Saturday, 27 July 2013

Tale of a Cornish shipwreck

Taking a break from solving the UK's political problems, my ITC and I headed down west to meet up with some friends at Mylor Quay. One of them has a small yacht and we were treated to some sailing in the Carrick Roads stretch of the Fal Estuary. The weather was excellent and it was rather pleasant skimming gently over the nicely calm water.

Back on land we took the opportunity to visit the nearby parish church dedicated to St Melorus. An interesting Norman building, with its original door still in place, but we couldn't really get to grips with the inside because everywhere was bedecked with the products of the Falmouth Quilters' Group. They made for a very colourful interior and, whilst I can admire the undoubted skill that was on display, I was disappointed that what I really wanted to see was obscured. Fancy moaning about something like that: I really can be a miserable old git, can't I?
However, all was forgiven when, as we wandered amongst the headstones in the graveyard, we came across a fascinating memorial. Underneath a rather dramatic carving of a shipwreck is the inscription:
To the Memory of the
Women and Children
who on their return to England
from the Coast of Spain
unhappily perished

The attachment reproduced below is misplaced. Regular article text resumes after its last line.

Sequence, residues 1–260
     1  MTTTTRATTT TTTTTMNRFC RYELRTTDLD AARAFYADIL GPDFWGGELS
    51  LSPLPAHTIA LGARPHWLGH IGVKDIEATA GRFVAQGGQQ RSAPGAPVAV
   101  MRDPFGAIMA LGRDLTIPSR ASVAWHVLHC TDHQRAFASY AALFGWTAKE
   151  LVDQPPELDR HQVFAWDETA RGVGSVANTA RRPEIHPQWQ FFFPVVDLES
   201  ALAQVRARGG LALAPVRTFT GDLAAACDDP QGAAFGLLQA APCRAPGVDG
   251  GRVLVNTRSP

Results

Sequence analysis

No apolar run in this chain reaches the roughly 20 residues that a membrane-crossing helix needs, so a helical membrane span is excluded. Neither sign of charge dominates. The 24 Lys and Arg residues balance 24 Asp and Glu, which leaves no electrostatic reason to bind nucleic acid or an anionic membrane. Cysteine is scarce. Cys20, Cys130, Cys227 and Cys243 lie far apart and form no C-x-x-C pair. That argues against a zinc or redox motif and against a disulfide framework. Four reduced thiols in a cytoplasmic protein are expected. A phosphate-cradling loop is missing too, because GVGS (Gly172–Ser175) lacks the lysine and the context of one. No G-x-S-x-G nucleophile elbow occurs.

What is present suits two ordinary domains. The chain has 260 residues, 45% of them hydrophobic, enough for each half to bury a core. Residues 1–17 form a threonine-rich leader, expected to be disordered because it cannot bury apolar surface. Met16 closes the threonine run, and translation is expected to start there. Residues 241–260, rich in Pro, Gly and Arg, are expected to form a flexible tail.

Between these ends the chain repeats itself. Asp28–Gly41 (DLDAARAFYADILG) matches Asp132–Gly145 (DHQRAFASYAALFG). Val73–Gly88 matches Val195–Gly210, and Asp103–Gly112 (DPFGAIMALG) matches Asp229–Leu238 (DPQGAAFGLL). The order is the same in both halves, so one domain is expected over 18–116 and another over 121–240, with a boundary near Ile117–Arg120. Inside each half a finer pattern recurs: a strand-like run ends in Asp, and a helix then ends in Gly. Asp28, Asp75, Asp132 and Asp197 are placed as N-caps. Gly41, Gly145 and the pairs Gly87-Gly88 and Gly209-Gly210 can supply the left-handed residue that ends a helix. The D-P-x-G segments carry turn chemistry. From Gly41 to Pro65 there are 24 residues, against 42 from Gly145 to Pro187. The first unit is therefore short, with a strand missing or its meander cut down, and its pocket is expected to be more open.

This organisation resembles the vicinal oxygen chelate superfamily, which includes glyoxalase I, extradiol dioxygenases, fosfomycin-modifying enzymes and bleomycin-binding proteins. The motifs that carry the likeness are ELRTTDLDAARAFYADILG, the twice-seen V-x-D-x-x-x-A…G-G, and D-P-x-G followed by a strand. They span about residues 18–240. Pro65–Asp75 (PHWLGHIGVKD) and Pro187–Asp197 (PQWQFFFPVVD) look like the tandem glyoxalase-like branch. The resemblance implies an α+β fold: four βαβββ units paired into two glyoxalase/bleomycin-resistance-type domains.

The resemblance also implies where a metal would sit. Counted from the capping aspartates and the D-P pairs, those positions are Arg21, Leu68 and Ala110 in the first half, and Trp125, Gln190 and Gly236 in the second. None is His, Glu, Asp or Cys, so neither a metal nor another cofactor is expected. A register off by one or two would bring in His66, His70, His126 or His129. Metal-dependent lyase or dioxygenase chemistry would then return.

in the wreck of the
Queen Transport
on Trefusis Point Jan 14 1814
This stone is erected as a Testimony
of regret for their fate
by the inhabitants of this Parish

We immediately thought "What was the story behind this memorial?" Back home and after a little Googling, all was revealed. The Queen was one of the many transport ships bringing home Wellington's troops (and camp followers) as the Peninsular War in Spain and Portugal was coming to an end. She had been moored off Mylor for several days when an atrocious storm blew up and she sunk off Trefusis Point in the resultant high seas. About 360 men (principally invalids of the Artillery), women and children were on board and only 100 were saved. The disaster was widely reported in 1814 and has, apparently, been regularly retold ever since with varying degrees of accuracy and embellishment. There are tales of the looting of corpses and suspicions of incompetence counterbalanced by tales of the compassion of the local community.  It's a story well worth reading about and a detailed investigation has been recently published by the National Maritime Museum of Cornwall. It's entitled "In Search of the Queen Transport" and was written by Sue Kruk.  It can be downloaded from this link. 
It's amazing what you can come across when you wander around the land of the dead.

1 comment:

sue kruk said...

Thank you for the mention.

Today is the 200th anniversary.